“Grieving is referred to as a process.
Precipitation is another process, which is similar, in its way.”
Bryce Emley’s A Brief Family History of Drowning is a story in poems about experiencing the time of loss.
Coincidences lose their credibility at times like this and the power of all words, regardless of their source, gain relevance. Small things grow in importance. A Brief Family History of Drowning is a catalog of those things. What was said, what was thought and what objects felt like. It is the kind of poetry book where you might feel inclined to make notes in the margins so that you can refer back should you ever feel like that.
Emley’s go to is water. It serves an illustrative role that Emley floats in, allowing its abundant forms and functions to fill the spaces created in grief and loss, giving the reader the comfort of a familiar context. “A hospital is a barge between kingdoms,” he writes in the poem “Tropic.” Easily understood, it gives the reader space to float on those words as well. He describes the time after his father’s stroke as “In the stroke’s wake.” His father says, “it’s just fog.”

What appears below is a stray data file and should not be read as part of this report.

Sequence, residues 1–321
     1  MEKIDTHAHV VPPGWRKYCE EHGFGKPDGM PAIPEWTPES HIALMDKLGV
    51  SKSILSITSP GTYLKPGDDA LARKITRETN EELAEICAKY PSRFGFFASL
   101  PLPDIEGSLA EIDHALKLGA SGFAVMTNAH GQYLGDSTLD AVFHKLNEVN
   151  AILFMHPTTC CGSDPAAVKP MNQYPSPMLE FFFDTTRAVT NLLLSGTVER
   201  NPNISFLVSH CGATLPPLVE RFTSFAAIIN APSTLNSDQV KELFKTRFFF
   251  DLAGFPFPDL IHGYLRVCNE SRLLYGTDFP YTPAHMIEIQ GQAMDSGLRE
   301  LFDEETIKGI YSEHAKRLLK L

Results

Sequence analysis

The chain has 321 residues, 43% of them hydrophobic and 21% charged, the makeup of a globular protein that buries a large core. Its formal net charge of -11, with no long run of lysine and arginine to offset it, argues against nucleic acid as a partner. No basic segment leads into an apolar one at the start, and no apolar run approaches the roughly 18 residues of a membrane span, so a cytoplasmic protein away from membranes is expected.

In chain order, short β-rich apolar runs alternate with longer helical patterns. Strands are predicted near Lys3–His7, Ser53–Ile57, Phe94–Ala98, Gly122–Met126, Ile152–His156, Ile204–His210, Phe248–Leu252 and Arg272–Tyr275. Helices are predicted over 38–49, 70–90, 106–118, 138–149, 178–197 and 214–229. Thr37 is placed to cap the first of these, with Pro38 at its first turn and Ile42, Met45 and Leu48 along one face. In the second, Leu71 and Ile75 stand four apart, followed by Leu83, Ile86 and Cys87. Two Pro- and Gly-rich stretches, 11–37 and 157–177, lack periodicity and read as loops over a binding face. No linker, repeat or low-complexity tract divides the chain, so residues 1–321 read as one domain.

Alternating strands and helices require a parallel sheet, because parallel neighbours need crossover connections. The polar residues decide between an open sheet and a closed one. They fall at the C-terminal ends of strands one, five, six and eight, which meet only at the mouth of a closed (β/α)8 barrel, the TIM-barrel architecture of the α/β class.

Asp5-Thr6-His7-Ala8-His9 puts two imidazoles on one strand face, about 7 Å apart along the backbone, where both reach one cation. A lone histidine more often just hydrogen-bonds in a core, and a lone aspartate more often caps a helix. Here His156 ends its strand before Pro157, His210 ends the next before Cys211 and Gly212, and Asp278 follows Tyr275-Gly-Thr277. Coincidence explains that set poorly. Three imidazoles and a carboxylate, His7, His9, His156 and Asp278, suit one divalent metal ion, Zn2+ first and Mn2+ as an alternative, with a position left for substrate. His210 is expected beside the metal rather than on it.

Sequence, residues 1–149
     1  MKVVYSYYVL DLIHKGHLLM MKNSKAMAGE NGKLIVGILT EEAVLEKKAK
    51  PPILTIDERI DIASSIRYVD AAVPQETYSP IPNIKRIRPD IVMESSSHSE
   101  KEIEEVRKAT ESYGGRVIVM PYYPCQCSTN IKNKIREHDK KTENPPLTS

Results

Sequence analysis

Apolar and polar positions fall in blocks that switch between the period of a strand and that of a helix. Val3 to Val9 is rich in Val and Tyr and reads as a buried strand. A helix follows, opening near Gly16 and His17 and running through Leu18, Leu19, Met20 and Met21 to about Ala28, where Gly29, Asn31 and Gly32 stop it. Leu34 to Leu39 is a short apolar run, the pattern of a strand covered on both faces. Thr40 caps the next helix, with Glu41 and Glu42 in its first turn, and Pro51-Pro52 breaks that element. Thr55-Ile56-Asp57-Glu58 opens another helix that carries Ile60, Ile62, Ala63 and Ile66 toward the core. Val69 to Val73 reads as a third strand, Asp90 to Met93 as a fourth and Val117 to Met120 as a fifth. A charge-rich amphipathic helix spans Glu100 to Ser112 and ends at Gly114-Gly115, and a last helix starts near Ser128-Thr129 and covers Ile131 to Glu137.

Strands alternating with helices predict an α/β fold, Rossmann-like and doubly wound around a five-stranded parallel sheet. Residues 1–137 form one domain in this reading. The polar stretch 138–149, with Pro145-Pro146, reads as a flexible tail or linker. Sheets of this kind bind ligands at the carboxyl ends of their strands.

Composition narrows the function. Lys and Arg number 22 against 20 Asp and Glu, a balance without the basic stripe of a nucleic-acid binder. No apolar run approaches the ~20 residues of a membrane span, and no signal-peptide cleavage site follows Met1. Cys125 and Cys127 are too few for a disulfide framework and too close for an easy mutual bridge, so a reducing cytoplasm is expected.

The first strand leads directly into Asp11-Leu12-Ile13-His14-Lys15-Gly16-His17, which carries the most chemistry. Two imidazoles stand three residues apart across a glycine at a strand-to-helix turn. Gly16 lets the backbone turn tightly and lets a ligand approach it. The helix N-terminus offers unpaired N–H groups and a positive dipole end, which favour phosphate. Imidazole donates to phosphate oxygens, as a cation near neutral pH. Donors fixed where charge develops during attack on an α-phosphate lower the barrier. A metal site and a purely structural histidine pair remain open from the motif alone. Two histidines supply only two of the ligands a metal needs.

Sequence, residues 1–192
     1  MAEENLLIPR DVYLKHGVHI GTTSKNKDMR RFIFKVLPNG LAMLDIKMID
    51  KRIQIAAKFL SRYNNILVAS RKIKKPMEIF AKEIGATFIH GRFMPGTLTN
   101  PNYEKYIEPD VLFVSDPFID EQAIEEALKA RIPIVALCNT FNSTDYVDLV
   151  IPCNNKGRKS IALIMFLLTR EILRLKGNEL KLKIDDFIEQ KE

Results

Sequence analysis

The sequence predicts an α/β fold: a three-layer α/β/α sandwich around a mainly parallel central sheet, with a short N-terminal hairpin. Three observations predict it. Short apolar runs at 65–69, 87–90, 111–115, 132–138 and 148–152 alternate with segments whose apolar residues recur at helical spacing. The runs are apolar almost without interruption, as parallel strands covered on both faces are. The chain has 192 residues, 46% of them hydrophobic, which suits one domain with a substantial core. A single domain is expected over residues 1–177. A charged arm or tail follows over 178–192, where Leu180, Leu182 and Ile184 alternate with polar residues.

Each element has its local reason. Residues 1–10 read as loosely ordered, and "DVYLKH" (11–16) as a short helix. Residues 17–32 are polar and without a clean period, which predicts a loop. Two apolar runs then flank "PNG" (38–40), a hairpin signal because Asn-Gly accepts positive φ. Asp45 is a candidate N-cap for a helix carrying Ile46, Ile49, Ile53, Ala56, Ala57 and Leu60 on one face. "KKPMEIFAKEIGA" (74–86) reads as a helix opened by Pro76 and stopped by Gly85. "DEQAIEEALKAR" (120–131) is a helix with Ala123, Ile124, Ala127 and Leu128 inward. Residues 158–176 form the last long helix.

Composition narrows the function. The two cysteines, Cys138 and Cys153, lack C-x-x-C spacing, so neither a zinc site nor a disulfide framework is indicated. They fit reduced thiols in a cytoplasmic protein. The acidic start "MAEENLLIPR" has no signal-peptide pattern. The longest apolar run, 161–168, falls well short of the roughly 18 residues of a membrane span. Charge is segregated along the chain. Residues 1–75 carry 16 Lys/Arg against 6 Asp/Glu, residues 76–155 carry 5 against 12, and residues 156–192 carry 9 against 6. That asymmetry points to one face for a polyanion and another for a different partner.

Emley’s language is uncomplicated and often elegant in its simplicity. His words linger without sharp edges. He includes the kind of references that seem more important when you are in the fog of loss. Corinthians. Sontag. Gray. Kant. Not to discount their validity, he includes many words spoken when people don’t know what to say.
Stepping from the shower in the poem “Mother, Mother, Ocean,” Emley addresses the functional prerogative of the grieving process, “There is a task at hand, to get dry. This is something you can do.” A Brief Family History of Drowning is a time spent considering the cold, damp and salty world of grief and a moment to float in its heightened stillness.